So I may have mentioned once or twice (or never-- it's been that kind of semester) that I started a NaNoWriMo/Script Frenzy club on campus with TARDIS Girl, co-conspirator extraordinaire. We decided to call ourselves Frenzied Novelists, because that was the best we could come up with to encompass both events. A couple of other people came along for the ride, and we have something like 55 people who have joined us in our noveling and other writing craziness (we're the only creative writing group-- that we know of-- at UT, so we've flung open our figurative doors to any creative writing types, not just novelists).

Our recruiting poster from earlier in
the semester.
The Sunday before NaNo ended, I got a couple of text messages from TARDIS Girl that someone from the Daily Texan (the campus newspaper) wanted to interview her. Which I thought was all well and good and fabulous-- the more publicity, the better, right? I was just sad that they waited until the end of NaNoWriMo to write about us, but hey, I'll take what we can get.

Later that afternoon, the intrepid reporter called me as well, so I spent the rest of the afternoon in an excited frenzy while I was also trying to do homework, finish my grad school applications, and write some more of my novel. The article (you can read it here, if you are interested) went live before I went to bed that night, and I read it quite happily until I came to this line: “I’m taking more hours this year than I did last year, but it’s actually been easier,” she said. “It’s definitely been an exercise in time management. You kind of get this feeling like you’re on drugs, like you always have to be doing something.”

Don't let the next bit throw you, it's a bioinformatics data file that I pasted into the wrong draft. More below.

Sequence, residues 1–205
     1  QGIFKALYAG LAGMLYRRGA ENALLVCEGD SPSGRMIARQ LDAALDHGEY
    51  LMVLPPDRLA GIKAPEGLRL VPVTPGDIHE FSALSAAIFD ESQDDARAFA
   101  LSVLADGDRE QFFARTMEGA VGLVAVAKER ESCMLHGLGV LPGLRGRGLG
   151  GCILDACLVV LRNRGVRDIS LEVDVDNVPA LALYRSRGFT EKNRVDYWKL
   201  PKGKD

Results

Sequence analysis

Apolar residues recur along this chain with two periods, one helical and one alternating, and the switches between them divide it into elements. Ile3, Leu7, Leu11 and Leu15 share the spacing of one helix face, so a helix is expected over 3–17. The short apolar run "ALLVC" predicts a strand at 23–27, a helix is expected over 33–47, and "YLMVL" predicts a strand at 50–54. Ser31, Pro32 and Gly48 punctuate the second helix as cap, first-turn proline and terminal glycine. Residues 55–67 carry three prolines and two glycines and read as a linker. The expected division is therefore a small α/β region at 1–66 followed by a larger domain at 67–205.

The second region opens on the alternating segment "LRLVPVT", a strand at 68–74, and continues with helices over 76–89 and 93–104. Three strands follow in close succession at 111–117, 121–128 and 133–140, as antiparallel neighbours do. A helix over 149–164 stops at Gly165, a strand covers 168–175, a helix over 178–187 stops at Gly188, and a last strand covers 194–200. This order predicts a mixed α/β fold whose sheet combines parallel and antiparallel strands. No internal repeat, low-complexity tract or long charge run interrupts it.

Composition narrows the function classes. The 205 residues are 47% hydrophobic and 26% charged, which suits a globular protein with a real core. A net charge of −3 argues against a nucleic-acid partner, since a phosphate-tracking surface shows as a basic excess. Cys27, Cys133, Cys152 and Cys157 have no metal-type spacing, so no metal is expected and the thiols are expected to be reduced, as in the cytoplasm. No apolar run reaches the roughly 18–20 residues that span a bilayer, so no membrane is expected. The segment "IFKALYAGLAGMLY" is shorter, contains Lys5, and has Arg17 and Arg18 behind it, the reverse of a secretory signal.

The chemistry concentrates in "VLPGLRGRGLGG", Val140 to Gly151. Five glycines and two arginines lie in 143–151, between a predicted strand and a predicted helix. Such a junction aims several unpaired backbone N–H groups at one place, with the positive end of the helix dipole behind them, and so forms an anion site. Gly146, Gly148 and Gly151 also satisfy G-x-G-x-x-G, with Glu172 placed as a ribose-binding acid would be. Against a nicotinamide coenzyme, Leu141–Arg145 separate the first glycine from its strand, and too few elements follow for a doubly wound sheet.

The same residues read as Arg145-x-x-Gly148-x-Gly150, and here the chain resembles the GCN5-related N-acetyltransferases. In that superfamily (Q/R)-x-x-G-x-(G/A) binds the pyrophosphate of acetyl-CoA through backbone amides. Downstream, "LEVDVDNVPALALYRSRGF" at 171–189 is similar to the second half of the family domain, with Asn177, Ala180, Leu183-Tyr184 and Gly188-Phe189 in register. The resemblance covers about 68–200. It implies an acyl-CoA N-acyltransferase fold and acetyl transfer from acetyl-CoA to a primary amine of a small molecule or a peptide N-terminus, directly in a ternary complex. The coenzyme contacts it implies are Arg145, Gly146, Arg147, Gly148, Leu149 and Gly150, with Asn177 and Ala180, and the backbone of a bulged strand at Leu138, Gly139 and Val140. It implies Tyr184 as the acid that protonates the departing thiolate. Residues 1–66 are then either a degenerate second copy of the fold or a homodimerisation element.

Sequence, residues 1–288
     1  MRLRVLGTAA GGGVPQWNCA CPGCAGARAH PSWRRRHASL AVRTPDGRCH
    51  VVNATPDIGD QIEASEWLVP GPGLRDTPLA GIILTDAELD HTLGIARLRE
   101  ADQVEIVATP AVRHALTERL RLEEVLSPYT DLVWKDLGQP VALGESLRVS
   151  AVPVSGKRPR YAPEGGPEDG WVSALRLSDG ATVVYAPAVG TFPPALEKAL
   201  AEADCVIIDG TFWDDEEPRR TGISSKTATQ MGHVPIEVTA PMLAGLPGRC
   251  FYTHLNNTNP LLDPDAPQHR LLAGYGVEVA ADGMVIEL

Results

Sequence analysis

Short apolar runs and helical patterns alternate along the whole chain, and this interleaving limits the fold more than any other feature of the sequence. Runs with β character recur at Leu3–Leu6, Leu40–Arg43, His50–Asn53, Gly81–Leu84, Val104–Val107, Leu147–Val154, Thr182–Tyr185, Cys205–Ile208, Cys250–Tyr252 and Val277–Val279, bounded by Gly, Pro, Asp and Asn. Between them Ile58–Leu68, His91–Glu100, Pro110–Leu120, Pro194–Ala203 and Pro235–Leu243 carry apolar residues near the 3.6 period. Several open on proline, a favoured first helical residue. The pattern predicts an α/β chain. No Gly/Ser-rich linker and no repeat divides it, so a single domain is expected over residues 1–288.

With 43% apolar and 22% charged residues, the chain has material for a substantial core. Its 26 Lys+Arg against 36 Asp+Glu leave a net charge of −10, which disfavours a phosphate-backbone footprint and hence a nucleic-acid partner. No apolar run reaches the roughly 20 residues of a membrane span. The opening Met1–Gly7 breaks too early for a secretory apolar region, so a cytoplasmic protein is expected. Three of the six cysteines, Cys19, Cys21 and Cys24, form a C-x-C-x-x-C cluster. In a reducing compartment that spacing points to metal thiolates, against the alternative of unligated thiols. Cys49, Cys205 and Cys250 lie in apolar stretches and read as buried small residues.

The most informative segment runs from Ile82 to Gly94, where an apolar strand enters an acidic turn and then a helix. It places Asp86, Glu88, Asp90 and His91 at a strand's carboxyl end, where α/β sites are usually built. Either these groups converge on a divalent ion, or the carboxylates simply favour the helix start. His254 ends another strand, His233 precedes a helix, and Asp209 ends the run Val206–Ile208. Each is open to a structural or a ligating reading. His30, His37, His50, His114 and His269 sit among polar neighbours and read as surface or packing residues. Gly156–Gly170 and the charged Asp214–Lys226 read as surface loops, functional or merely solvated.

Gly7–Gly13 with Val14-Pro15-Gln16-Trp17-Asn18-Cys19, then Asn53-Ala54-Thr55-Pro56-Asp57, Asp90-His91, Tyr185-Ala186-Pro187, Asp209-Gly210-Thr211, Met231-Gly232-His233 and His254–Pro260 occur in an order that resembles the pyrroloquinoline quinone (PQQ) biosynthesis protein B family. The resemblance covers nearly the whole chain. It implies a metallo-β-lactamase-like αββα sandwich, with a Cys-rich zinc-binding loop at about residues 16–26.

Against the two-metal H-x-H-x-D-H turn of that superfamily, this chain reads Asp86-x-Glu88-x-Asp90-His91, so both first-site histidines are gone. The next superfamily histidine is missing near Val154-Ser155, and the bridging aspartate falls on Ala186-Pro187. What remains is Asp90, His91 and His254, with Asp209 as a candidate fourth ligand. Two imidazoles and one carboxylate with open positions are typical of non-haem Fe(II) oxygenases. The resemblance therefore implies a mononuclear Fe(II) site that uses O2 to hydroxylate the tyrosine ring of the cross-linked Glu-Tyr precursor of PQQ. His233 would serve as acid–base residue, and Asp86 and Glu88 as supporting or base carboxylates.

Yes, that was me that said that. Or rather, me that didn't say that. I said the bit about time management, and I said the bit about always doing something, but I most definitely did not say anything about writing being like doing drugs. First of all, I have no basis for comparison, and secondly, that's not the sort of thing one says to a complete stranger who is writing down one's every word.

So the next morning, TARDIS Girl sends me as text wondering why on earth the reporter had chosen my quote about doing drugs. I told her I didn't know, considering that I never said it in the first place. And once we were done being mortified, we decided to have some fun with it, posting it all over Facebook and Twitter (we even made it onto one of the Twitter daily round-up things), as well as cutting out the article, highlighting my quote, and hanging it up in the Undergraduate Writing Center for the amusement of our coworkers.

A couple of days later, one of our coworkers told us about how last spring, the Daily Texan grossly misrepresented some activities of one of the fraternities on campus, so that the organization got lots of hate mail. Yikes! That makes this little goof seem rather small by comparison, being as we've yet to receive any mail at all.

Have you ever been interviewed? Misquoted? Both? What do you think I should say next time?